An Aptitude for Excellence
YOUNG ADULTS ARE about the business of “getting a life.” They imagine lives for themselves that are defined almost entirely by the good things they seek. Most would like to make a reasonable living, to have good friends, to meet someone they love and who loves them deeply, to marry and remain faithful all their days, and to have a family. They want to lead good and decent lives and somehow make a difference in the world, and they want to have some fun along the way. Of course, whether they reach their goals will depend not just on their abilities, aspirations, and circumstances, but also on the decisions they make. Some decisions young people make will help them to realize their goals. Others will work against their ever achieving what they most fundamentally desire.
“Getting a life” takes work and prudence. It requires that over time we come to know ourselves, to understand other people, to develop a life plan, and to figure out how to make good decisions that ultimately will get us where we want to go. We form our plans and make our decisions not all on our own, but within a cultural context that shapes not only what we value but also how we actually behave.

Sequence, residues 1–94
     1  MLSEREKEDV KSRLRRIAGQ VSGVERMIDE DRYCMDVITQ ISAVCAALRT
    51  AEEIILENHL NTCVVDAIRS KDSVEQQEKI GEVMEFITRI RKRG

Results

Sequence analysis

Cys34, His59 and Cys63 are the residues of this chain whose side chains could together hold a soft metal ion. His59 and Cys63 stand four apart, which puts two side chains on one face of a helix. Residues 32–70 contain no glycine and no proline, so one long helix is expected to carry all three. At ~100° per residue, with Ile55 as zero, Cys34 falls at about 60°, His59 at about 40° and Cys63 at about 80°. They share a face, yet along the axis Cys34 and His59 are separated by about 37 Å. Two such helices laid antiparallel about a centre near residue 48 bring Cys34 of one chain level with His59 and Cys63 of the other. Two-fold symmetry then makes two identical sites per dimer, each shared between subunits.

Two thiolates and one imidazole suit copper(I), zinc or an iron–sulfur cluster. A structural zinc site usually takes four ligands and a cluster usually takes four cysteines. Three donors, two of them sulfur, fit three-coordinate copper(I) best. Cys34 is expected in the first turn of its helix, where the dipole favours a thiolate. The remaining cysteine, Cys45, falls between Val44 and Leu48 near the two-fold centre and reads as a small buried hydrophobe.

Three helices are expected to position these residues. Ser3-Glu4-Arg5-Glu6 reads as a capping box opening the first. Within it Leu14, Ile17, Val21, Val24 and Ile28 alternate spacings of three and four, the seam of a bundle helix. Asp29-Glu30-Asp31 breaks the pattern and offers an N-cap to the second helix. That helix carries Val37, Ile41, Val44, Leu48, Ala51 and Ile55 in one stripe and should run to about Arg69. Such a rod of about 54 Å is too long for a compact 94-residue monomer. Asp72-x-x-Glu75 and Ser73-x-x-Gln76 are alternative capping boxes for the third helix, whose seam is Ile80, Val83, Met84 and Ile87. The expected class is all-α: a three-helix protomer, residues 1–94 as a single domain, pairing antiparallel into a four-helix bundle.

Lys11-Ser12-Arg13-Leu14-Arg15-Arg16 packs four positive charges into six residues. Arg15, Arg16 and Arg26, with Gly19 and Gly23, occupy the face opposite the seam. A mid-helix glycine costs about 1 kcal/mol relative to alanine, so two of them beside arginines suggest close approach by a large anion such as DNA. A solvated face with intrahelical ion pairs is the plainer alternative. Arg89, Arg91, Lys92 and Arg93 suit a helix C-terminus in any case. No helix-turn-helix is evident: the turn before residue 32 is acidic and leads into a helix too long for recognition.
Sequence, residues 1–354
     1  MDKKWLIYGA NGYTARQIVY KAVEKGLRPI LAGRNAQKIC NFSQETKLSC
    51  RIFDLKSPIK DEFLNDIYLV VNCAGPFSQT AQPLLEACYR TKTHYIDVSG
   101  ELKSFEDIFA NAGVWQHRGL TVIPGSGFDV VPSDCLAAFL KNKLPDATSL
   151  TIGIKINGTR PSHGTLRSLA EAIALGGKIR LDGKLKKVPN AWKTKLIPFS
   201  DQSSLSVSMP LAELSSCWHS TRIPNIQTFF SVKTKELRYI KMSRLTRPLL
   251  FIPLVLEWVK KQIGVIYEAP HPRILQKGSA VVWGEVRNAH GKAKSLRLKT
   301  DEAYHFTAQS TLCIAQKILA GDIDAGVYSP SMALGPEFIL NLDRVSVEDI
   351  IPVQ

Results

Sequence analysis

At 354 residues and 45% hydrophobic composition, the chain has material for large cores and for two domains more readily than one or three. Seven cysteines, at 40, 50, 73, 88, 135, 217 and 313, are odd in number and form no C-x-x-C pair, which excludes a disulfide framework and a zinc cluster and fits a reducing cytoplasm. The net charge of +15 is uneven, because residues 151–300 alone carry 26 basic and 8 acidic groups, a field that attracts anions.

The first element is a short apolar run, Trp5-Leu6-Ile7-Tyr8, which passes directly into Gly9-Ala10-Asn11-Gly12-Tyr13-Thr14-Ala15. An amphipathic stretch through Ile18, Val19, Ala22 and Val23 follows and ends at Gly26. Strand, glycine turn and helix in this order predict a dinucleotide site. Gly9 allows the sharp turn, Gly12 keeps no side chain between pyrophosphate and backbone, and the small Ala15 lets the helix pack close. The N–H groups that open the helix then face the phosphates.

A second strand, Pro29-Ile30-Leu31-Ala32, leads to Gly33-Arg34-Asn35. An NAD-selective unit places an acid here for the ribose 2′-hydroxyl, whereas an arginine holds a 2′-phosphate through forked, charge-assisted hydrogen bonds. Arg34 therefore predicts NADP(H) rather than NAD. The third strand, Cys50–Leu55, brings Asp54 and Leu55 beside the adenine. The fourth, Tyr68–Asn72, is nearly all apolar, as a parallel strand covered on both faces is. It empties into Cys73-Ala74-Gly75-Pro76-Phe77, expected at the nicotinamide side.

Hook-up culture—the practice of being sexually intimate even though the partners are not even committed to one another as special friends—is the social reality in which most young people in the United States find themselves today. It is hyped by media and marketers, it holds sway in high schools and on college